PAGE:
On Sun, Nov 24, 2013 at 9:39 PM, Adam Young <ayo...@redhat.com> wrote:

> The #1 pain point I hear from people in the field is that they need to
> consume read only  LDAP but have service users in something Keystone
> specific.  We are close to having this, but we have not closed the loop.
>  This was something that was Henry's to drive home to completion.  Do we
> have a plan?  Federation depends on this, I think, but this problem stands
> alone.

I'm still thinking through the idea of having keystone natively federate to
itself out of the box, where keystone presents itself as an IdP (primarily
for service users). It sounds like a simpler architectural solution than
having to shuffle around code paths for both federated identities and local

> Two Solutions:
> 1 always require domain ID along with the user id for role assignments.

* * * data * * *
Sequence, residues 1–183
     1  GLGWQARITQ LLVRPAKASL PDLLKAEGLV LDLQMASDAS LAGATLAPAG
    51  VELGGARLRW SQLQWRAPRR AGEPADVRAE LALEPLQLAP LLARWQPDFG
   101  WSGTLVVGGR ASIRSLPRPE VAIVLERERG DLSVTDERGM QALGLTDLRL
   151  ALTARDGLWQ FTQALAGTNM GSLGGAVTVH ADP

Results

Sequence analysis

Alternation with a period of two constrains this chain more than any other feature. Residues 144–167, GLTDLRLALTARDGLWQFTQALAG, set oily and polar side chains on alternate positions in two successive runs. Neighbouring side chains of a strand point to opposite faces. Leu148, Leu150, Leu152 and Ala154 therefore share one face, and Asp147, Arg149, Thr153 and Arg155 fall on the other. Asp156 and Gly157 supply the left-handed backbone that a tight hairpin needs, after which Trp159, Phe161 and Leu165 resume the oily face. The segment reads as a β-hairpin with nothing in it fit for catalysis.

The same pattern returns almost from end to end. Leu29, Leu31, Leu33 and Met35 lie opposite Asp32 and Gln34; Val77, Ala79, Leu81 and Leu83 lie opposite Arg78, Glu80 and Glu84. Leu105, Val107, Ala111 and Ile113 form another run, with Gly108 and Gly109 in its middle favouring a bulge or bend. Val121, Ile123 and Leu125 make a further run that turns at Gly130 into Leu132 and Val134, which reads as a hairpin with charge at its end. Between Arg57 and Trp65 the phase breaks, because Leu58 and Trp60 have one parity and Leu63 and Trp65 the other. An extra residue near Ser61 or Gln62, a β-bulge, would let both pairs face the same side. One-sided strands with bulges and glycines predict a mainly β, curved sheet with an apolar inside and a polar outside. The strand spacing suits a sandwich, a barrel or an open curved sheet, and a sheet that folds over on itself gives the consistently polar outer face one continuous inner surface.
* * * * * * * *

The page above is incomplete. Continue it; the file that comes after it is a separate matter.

>From an API perspective, how? (while still allowing for cross-domain role

> 2 provide some way to parse from the user ID what domain it is.

I think you meant this one the other way around: Determine the domain given
the user ID.

> I was thinking that we could do something along the lines of 2 where we
> provide  "domain specific user_id prefix"  for example, if there is just
> one ldpa service, and they wanted to prefix anyting out of ldap with "ldap@",
> then an id would be  "prefix"  "field from LDAP".  And would be configured
> on a per domain basis.  THis would be optional.
> The weakness is that itbe Log N to determine which Domain a user_id came
> from.  A better approach would be to use a divider, like '@' and then
> prefix would be the key for a hashtable lookup.  Since it is optional,
> domains could still be stored in SQL and user_ids could be uuids.
> One problem is if someone comes by later an "must" use email address as
> the userid, the @ would mess them up.  So The default divider should be
> something URL safe but no likely to be part of a userid. I realize that it
> might be impossible to match this criterion.

For usernames, sure... but I don't know why anyone would care to use email
addresses as ID's.

> Actually, there might be other reasons to forbid @ signs from IDs, as they
> look like phishing attempts in URLs.

Phishing attempts?? They need to be encoded anyway...

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